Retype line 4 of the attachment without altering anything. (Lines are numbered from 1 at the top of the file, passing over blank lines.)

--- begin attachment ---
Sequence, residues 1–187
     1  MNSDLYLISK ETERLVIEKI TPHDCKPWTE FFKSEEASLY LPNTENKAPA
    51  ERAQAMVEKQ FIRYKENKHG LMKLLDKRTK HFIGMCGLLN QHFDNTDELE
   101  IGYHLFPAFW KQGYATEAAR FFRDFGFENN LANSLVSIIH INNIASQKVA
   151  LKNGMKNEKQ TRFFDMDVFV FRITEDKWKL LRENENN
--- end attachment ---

   101  IGYHLFPAFW KQGYATEAAR FFRDFGFENN LANSLVSIIH INNIASQKVA